For bacterial growth conditions, strains, Nod factor preparations, plant growth and inoculations, and microscopy techniques, see the article by D'Haeze et al. (1998) and references therein.
Final concentrations of inhibitors used are the following: 7 pM L-a-(2-aminoethoxyvinyl)-glycine (AVG), 0.1 mM (aminooxy) acetic acid (AOA), 10 mM a-aminoisobutyric acid (AIB), 0.5 mM C0CI2, 1 pM Ag2S04, 0.05% (v/v) 2,5-norbornadiene, 1 pM diphenyleneiodonium chloride (DPI), 200 pM diethyldithio carbamic acid (DDC), 1 mM ascorbic acid, 1 mM LaCl3, and 10"3% (m/v) ruthenium red. All inhibitors delivered as powders were dissolved in water and filter sterilized, except DPI that was dissolved in dimethylsulfoxide (DMSO). In the latter case, the stock concentration was such that no more than 10 pi of DMSO solution was added per tube. No influence of this DMSO concentration was observed on plant growth or nodulation. Inhibitors were purchased from Sigma-Aldrich, except 2,5-norbornadiene (Avocado, La Tour du Pin, France). Roots were treated with inhibitors two days before Nod factors or the wild-type strain were added. For DDC, ascorbic acid, and ruthenium red, solutions with inhibitors were refreshed 4, 4, and 2 times, respectively, prior to observations. The effect of inhibitors on Nod factor-induced root hair formation and ORS571 -induced nodulation was performed in at least four independent experiments using at least four plants.
Tubes were filled with Norris medium, leaving an air space of 1 cm to avoid leakage and contaminations. For scoring the effect of inhibitors on nodulation, the part of the root present in the upper airspace was not considered since it was not in contact with the medium and since some nodules were observed at the most upper part of the primary root. For the assay in which Ag+ ions were added at different time points compared to addition of the wild-type strain, the solutions with inhibitor and wild-type strain were refreshed each time nodules were counted. The same was done when this experiment was carried out using AO A. The two latter assays were each done twice, independently, using 4 plants per time point at which Ag+ or AOA was added.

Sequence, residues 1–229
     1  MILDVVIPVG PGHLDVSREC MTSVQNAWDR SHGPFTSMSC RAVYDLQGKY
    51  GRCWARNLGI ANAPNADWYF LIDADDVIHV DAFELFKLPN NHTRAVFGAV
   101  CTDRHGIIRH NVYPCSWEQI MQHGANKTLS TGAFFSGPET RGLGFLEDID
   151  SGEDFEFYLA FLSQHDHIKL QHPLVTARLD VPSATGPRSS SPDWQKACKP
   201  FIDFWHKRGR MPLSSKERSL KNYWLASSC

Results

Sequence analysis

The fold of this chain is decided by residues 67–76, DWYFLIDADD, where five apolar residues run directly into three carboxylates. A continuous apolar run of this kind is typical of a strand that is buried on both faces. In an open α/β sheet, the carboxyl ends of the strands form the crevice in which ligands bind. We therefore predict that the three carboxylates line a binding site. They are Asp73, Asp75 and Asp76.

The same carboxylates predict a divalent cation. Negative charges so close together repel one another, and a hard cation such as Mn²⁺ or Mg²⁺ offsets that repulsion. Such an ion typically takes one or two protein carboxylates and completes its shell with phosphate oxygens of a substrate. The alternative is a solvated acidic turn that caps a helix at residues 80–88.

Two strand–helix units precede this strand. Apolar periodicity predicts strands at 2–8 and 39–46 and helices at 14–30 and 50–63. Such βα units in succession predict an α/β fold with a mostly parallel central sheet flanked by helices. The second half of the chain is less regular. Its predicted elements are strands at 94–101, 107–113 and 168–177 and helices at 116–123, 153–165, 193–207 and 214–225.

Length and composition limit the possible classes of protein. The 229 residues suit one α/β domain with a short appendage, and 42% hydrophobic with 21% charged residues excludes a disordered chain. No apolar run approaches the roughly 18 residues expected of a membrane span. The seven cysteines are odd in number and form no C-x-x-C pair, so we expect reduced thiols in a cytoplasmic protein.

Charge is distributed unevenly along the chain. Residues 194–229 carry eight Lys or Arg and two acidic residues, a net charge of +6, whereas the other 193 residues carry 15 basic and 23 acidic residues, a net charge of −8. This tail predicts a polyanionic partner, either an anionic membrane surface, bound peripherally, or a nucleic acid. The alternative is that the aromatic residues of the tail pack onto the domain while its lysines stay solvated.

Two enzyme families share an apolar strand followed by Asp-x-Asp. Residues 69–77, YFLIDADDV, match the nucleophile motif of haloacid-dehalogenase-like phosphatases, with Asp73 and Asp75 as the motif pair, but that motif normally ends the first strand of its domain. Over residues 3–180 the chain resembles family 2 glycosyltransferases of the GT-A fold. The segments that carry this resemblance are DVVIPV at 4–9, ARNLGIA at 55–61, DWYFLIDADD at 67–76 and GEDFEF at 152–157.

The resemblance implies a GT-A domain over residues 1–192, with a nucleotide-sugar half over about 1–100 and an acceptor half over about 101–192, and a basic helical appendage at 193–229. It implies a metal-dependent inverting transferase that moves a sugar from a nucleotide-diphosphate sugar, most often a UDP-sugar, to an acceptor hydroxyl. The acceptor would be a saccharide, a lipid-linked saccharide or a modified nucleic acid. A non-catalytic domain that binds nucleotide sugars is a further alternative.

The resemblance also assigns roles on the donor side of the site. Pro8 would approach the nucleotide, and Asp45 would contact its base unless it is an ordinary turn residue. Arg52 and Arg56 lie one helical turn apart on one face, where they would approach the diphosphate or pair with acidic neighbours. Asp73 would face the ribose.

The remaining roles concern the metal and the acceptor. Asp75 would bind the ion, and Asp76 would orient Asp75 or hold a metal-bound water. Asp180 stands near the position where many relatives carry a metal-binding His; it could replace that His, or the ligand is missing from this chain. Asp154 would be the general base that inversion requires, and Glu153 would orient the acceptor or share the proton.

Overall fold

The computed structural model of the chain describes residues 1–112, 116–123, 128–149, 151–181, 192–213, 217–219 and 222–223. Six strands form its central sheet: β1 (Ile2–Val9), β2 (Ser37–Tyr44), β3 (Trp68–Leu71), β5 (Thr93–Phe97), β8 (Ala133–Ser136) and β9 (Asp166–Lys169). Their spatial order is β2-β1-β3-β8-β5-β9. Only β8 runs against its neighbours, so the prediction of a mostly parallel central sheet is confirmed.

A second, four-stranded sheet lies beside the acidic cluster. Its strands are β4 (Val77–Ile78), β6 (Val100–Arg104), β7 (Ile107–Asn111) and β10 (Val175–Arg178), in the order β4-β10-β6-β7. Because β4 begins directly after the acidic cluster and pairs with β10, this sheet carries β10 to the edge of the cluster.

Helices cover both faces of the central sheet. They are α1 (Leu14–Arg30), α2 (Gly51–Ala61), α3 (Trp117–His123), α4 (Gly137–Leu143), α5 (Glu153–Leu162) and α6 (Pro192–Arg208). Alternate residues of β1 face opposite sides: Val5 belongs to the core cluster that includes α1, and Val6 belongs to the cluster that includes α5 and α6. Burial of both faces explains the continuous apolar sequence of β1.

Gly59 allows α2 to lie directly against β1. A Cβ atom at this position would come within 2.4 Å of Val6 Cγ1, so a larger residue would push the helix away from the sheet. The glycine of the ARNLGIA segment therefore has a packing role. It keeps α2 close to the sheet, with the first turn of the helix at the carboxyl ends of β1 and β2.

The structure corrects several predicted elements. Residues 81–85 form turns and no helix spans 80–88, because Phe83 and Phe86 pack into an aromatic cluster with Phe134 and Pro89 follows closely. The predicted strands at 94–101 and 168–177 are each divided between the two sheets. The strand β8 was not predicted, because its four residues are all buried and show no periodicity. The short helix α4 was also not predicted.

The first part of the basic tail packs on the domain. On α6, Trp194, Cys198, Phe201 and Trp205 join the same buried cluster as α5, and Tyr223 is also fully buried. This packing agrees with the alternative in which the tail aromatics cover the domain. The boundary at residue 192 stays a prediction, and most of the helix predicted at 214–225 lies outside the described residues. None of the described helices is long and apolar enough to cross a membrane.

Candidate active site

Hydrogen peroxide and ethylene were applied in a final concentration of 1 mM and 21 pl/tube, respectively. When roots were treated with ethylene, a sticky substance was used to tighten the tube as well as possible from the air, in order to keep the ethylene inside the tube. These experiments were done at least three times, independently using 16 plants per treatment. For the assay in which ethylene was added at different time points compared to addition of ORS571, a second dose of ethylene was applied, five days after the first one.
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